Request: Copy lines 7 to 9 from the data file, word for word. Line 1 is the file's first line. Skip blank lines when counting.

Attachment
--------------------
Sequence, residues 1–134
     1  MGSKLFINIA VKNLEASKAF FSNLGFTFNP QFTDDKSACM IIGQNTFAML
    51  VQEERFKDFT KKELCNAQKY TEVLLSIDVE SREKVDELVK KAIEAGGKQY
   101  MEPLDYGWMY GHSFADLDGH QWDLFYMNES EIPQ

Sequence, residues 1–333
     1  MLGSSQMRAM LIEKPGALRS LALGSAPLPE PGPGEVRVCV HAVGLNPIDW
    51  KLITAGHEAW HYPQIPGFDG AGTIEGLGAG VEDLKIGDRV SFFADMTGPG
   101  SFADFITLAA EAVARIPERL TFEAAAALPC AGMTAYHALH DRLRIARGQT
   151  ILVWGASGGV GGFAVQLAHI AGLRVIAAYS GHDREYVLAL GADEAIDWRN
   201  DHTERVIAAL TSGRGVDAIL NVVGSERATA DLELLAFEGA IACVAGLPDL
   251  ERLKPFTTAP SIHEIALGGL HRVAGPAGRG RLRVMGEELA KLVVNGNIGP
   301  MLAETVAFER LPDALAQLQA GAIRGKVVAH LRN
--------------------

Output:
    51  KLITAGHEAW HYPQIPGFDG AGTIEGLGAG VEDLKIGDRV SFFADMTGPG
   101  SFADFITLAA EAVARIPERL TFEAAAALPC AGMTAYHALH DRLRIARGQT
   151  ILVWGASGGV GGFAVQLAHI AGLRVIAAYS GHDREYVLAL GADEAIDWRN